You can check out Part 1 here: My First “Red Rider” Experience: Part 1
Even though it was pretty early in the morning, around 7:30 AM or so, the park was very busy. Tons of people and tons of bikes, all getting ready to ride for us, those living with diabetes. I got pretty emotional. But I was also excited, and so very gracious.
As self-conscious as I was after trying on my Red Rider jersey the night before (seeing belly hanging out below the largest shirt they MAKE does wonders for your self-esteem…), all of the worry melted away as soon as I got to the park.
There were tons of people, everyone was there to support all of us with the Red Rider jerseys. Nobody paid any attention to how the shirt fit.
Here’s a picture of Auntly H and I, early in the morning, before the ride started. I am forever grateful to Auntly H for getting me back on my bike after over a decade of not riding. I will be blogging my thanks to her forever, and just you wait until we complete the 62 mile ride in two years! We might have to throw a party!
The weather was threatening rain, so we spent a few minutes putting baggies on all of the things that couldn’t get wet (BG meters, Dexcom receivers, car keys, wallet, phone, etc). I understand that rain is a recurring theme with the Pancremaniacs, so my group was well practiced with the whole baggy exercise.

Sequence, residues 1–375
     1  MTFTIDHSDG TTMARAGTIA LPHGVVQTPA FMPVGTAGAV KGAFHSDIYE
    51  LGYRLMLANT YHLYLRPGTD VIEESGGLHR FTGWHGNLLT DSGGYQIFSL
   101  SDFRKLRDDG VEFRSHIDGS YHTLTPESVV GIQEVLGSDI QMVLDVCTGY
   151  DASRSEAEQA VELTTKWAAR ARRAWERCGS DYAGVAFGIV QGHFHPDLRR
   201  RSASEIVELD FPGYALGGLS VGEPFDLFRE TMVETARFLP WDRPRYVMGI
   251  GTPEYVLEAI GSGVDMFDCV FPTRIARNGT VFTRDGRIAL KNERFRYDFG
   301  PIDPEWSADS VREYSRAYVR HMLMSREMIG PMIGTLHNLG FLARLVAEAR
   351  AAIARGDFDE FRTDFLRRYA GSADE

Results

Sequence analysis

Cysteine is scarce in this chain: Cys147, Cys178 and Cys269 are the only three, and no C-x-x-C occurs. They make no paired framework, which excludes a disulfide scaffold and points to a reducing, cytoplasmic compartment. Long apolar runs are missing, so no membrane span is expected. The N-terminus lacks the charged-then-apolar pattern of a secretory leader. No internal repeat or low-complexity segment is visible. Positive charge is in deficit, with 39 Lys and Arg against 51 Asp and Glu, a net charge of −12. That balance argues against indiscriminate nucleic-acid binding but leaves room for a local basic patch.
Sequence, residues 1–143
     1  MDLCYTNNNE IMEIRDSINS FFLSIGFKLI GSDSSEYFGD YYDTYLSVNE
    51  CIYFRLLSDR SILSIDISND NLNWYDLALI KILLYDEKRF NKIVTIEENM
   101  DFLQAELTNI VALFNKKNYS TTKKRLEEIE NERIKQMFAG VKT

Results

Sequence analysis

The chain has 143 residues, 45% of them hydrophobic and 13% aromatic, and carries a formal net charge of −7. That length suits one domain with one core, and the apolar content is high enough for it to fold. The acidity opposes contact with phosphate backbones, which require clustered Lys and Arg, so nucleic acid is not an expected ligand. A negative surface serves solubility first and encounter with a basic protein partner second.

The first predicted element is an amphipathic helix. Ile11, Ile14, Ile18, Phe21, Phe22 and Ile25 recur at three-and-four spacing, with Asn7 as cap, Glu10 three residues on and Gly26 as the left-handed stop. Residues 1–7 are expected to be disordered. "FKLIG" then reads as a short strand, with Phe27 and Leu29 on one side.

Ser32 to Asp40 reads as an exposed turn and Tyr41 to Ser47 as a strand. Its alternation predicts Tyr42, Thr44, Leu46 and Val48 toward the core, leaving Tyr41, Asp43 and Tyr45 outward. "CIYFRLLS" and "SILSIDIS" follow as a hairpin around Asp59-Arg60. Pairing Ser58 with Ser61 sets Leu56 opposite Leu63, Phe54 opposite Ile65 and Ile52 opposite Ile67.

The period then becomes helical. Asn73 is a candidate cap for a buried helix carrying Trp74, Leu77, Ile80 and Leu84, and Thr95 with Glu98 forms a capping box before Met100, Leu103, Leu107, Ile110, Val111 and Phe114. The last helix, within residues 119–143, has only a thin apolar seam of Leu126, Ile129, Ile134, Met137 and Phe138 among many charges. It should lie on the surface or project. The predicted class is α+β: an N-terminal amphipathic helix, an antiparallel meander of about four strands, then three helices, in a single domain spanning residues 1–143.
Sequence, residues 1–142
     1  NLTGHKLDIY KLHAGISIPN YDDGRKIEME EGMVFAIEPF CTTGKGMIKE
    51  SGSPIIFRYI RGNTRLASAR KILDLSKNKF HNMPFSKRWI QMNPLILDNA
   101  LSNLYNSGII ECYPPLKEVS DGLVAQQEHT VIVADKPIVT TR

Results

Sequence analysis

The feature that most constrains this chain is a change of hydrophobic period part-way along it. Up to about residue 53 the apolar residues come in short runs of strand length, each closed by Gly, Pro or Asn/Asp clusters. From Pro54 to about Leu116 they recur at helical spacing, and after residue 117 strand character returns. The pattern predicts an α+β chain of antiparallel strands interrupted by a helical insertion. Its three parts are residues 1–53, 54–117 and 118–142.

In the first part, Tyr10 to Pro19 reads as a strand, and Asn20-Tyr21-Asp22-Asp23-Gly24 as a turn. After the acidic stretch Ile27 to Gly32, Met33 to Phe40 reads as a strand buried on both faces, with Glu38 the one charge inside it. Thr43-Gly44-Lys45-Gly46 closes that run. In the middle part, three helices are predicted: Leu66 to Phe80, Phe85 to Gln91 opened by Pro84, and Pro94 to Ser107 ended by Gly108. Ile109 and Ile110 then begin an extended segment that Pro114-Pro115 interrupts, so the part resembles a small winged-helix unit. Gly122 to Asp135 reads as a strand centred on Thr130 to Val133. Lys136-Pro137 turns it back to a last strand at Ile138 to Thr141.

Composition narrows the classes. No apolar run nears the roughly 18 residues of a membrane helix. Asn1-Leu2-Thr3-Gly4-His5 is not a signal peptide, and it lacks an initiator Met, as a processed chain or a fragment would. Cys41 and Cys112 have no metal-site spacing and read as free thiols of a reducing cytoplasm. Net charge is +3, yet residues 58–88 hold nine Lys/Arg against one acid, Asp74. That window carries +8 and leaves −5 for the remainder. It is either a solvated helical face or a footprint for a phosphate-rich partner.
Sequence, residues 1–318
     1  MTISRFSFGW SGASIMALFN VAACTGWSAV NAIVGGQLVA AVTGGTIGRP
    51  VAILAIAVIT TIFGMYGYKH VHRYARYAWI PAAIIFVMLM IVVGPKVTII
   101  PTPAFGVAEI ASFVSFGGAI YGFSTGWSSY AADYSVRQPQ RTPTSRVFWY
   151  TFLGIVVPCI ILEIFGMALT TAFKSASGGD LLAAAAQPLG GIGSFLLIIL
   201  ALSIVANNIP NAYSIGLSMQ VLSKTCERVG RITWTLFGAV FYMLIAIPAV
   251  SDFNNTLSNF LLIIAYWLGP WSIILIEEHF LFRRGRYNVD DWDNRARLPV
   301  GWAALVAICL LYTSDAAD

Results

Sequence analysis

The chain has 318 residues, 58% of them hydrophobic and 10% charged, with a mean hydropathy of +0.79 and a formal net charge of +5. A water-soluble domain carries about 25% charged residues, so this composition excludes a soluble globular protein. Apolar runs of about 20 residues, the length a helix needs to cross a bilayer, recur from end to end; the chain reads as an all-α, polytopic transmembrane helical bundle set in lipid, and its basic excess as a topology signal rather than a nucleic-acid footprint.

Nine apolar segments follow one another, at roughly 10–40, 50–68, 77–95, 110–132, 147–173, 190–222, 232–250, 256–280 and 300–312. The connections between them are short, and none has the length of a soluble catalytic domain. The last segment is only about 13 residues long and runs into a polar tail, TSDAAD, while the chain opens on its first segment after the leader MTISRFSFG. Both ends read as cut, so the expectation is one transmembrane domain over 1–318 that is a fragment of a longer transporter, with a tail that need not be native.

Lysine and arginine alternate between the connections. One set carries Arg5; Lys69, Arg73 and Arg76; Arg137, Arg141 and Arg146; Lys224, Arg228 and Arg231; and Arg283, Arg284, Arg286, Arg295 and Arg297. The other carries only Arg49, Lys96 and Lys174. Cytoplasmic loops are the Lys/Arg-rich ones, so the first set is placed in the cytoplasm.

I couldn’t help but to grin. I was having fun riding, but the atmosphere put it over the edge. I couldn’t wipe the grin off my face for the whole day.
Every time we saw a Red Rider jersey, we shouted “Go Red Rider!”, and every time other riders in the tour saw Auntly H and I in our Red Rider jerseys, they belted out the battle cry too. It was really something special that boosted the energy of the ride. You can check out the story behind the whole “Red Rider” movement in Part 1. It’s really a powerful story from a powerful woman.
It wasn’t long before we were cooking along at a pretty good pace. I had to start breathing through my mouth, which meant that I sucked down at least one bug along the way. After that first bug I told Auntly H that we should keep a tally of swallowed bugs.
Just after the halfway point, we were flying down a hill, and Auntly H screamed out because a bug flew right into her eye! After we made sure she was alright, I told her a bug in the eye does not count towards the end-ride total bug-swallow tally. Unfortunately for the entertainment value of it all, I only swallowed one bug (that I know of).
I really enjoyed the route, and got to see some parts of Minneapolis that I’ve never seen before. I also really enjoyed a lot of the views and perspectives of parts of Minneapolis that I am familiar with. The picture above shows us riding across the Stone Arch Bridge, which goes over the Mississippi River, heading towards downtown Minneapolis.
I rode most of the way with Jim, Auntly H‘s dad. He was an awesome riding partner. This guy bikes to work, about 4 miles each way he said. Even in winter. That makes him a hardcore, badass biker dude. He was a really great guy, and I’m glad that I had a chance to get to know him a little bit.